Multiple variables shape our traits, genetics being one of them. In fact, a study found that 20%-60% of our temperament is determined by genetics. They also found that specific primary genes are involved in the communication of cells within the brain, which directly affect someones' personality and behaviors. Possessing certain genes can significantly impact sociability, predisposition to anxiety or depression, self-control, and more.
The same study suggested that while our personality traits may evolve as we grow into adulthood thanks to life experiences and events, our core temperament generally remains the same. This suggests that at our core temperament, we are made up of specific traits that have genetic components.
Temperament is usually associated with heritability and includes common behavioral traits that influence how we do things--such as being persistent or shy. Subsequently, personality is generally associated with why we do things--like openness to experience or agreeableness-- and is shaped by our genetics and upbringing.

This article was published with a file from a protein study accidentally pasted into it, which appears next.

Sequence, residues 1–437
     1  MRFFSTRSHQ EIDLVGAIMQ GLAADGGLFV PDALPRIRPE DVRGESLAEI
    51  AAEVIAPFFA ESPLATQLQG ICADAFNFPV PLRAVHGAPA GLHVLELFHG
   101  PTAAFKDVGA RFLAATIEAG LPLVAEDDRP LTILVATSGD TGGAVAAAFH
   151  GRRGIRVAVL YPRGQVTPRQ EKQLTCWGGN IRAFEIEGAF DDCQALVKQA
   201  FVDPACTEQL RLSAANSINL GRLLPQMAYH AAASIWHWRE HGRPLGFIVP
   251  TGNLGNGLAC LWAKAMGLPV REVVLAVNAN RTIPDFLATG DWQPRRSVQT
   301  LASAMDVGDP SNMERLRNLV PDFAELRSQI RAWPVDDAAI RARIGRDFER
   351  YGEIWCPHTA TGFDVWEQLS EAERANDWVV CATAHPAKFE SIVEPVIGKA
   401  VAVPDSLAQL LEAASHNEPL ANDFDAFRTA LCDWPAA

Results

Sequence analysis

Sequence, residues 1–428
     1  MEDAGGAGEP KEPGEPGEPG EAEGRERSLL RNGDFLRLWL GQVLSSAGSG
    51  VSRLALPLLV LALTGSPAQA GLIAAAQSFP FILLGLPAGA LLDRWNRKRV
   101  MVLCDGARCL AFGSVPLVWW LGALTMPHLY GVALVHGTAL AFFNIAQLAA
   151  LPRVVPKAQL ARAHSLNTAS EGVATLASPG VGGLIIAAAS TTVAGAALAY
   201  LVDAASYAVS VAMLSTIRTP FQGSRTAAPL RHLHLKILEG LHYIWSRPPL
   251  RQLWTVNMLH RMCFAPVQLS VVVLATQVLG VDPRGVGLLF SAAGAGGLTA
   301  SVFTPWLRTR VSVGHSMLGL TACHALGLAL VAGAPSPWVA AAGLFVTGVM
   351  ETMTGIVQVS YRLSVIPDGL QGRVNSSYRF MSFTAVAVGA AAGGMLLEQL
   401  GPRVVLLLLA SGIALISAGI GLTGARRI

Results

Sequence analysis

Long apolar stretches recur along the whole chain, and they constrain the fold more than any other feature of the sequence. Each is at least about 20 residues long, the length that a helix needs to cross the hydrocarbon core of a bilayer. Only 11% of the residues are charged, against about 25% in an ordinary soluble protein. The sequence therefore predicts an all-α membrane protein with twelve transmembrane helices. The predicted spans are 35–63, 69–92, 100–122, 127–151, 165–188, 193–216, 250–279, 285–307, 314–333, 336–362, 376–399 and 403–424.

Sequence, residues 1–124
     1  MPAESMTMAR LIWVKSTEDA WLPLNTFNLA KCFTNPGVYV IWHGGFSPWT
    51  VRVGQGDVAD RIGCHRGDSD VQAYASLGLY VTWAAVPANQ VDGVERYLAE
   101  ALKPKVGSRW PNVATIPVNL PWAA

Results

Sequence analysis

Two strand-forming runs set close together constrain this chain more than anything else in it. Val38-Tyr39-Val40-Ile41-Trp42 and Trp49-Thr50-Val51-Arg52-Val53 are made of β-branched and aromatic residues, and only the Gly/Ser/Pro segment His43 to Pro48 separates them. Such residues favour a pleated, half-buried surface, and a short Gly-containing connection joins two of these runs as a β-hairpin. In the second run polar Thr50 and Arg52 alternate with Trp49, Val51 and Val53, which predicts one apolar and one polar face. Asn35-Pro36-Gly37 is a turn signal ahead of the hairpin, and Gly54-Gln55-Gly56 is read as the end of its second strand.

If genetic variants comprise only 20%-60% of our personality, where does the other portion come from? Environmental factors, such as upbringing, culture, geographic location, and life experiences, greatly influence our personality. For example, a child raised in a harmonious environment may have a more positive or calm outlook and disposition. In contrast, a child raised in a turbulent household may be more inclined to develop aggression or other adverse traits.
Proving this theory further is the famous Minnesota Study of Twins. From 1979 to 1999, researchers studied both identical and fraternal twins separated at birth to determine the effects of genes and environment on their personalities as they aged. This study found that identical twins shared about 50% of the same traits, whereas fraternal twins shared about 20%. The study also found 70% of the variance in IQ was linked to genetic variations, while the remaining 30% was due to environmental effects.
In studying different pairs of twins and their genetic differences and aspects of personality, scientists also found that while these genetic effects greatly influence personality, other factors such as leading a healthy lifestyle and engaging in intellectual activities played a great role in their overall well-being and development.